Three women missing after crossing from Texas to Mexico
Two sisters from Texas and a friend are missing in Mexico after they crossed the border last month to sell clothes at a flea market, US authorities said.
The abduction of four US citizens in Mexico last week received an avalanche of attention and was resolved in a matter of days. But the fate of the three women, who haven't been heard from in about two weeks, remains a mystery and has garnered relatively little publicity.
The FBI said Friday it is aware that two sisters from Penitas, a small border city in Texas near McAllen, and their friend have gone missing. Penitas Police Chief Roel Bermea said their families have been in touch with Mexican authorities, who are investigating their disappearance.
Beyond that, officials in the US and Mexico haven't said much about their pursuit of Maritza Trinidad Perez Rios, 47; Marina Perez Rios, 48; and their friend, Dora Alicia Cervantes Saenz, 53.
US Customs and Border Protection says the three women crossed into Mexico on February 24, according to Bermea. Penitas is just a few hundred feet from the Rio Grande River.
One of the women's husband spoke to her by phone while she was travelling in Mexico, the police chief said, but grew concerned when he couldn't reach her afterward.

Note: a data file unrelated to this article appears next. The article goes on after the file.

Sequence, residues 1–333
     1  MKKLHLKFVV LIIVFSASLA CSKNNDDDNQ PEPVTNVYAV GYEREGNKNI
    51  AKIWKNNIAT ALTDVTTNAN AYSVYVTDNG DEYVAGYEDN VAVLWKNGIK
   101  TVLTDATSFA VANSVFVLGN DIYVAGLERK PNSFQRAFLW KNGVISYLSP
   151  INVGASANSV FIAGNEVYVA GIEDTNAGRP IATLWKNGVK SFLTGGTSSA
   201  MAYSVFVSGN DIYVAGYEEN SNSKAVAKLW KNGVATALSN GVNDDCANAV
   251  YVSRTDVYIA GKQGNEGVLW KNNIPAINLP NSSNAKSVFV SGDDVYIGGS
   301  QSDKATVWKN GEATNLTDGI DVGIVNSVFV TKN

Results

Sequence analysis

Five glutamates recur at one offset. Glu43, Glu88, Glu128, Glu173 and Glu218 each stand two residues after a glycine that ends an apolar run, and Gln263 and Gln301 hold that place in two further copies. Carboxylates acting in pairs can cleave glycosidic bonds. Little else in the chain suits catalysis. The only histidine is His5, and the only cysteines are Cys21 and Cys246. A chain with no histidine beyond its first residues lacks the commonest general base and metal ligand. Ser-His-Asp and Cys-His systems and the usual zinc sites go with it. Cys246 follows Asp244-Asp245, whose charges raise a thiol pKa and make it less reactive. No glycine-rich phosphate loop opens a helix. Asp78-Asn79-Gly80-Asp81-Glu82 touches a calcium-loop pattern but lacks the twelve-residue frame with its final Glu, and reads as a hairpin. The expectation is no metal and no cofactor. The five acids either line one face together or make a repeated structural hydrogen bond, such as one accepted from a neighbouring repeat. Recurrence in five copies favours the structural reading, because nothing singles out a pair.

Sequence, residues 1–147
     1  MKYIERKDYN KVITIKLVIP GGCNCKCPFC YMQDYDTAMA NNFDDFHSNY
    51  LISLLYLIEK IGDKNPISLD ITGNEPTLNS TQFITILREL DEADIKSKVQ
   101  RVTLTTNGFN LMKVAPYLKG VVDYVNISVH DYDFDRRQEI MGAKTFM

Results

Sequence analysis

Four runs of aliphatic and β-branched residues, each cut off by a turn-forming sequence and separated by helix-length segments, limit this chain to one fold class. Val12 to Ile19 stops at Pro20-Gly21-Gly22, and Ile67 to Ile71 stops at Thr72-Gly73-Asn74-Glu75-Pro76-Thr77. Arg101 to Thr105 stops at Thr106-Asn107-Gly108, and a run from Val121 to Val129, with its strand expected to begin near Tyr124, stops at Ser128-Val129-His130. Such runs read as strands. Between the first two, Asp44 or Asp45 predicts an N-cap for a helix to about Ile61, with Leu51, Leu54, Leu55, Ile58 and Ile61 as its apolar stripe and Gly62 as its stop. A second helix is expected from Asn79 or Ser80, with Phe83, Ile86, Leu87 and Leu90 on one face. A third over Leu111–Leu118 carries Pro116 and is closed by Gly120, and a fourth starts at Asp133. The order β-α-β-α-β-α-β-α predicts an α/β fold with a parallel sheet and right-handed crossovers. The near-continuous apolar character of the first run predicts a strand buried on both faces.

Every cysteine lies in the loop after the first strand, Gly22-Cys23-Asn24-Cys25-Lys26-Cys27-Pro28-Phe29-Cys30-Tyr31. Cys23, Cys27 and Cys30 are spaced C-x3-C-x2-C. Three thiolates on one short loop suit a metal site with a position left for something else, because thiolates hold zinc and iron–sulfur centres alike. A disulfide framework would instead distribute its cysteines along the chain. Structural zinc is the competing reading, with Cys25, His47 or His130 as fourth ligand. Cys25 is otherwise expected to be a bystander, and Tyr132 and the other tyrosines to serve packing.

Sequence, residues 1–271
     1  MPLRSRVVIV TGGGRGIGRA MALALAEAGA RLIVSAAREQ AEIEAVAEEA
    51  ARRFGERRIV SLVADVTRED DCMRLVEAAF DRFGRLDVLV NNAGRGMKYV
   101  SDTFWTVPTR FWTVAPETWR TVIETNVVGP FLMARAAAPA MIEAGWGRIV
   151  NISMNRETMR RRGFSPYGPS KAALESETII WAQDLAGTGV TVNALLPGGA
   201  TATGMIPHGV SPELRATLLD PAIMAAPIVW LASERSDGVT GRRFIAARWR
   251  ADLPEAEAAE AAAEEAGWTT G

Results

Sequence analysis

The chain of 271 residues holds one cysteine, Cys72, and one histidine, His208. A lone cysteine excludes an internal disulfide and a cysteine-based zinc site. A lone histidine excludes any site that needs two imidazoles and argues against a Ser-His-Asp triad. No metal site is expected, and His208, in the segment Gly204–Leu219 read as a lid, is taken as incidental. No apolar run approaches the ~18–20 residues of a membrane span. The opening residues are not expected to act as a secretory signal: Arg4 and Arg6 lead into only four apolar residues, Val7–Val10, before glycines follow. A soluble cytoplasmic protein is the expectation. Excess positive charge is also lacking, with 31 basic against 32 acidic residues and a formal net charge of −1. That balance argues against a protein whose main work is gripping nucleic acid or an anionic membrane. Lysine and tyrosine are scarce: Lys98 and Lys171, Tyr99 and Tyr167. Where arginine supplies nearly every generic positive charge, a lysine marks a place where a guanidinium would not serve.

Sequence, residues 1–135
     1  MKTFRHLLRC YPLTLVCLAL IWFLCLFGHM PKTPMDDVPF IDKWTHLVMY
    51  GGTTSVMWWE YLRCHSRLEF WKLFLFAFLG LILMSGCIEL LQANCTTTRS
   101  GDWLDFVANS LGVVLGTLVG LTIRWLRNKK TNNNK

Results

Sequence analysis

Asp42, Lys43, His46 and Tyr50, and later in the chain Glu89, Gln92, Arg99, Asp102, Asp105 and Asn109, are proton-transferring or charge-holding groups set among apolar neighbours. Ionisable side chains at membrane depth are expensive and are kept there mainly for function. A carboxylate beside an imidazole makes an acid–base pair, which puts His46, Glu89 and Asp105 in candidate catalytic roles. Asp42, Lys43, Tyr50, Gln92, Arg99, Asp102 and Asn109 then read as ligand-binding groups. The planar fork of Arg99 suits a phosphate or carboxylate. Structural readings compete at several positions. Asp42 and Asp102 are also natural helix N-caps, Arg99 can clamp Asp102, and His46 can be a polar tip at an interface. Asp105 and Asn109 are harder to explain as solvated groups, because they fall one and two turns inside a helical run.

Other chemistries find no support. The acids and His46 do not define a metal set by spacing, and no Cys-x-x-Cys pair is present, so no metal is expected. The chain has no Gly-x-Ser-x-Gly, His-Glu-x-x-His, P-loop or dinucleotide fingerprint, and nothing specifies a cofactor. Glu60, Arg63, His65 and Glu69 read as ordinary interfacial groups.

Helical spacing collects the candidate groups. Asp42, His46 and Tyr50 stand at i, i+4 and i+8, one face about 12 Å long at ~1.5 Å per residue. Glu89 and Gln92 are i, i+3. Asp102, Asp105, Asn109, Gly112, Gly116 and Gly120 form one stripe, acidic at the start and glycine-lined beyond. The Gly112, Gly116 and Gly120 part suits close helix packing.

"Since he couldn't make contact over that weekend, he came in that Monday and reported it to us," Bermea said. The three women haven't been heard from since.
Bermea said the women were travelling in a green mid-1990s Chevy Silverado to a flea market in the city of Montemorelos, in Nuevo Leon state. It's about a three-hour drive from the border. Officials at the state prosecutor's office said they have been investigating the women's disappearance since Monday.
The episode stands in stark contrast to the government and media frenzy over the abduction of four Americans on a road trip to Mexico for plastic surgery. They were caught in a drug cartel shootout in the border city of Matamoros, and video showed them being hauled off in a pickup truck. The two survivors were found Tuesday in a wooden shack near the Gulf coast.
The search for the kidnapped Americans involved squads of Mexican soldiers and National Guard troops. But for most of the 112,000 Mexicans missing nationwide, the only ones looking for them are their desperate relatives.
Authorities also lack manpower, equipment and training -- things are so bad that authorities aren't even able to identify tens of thousands of bodies that have been found.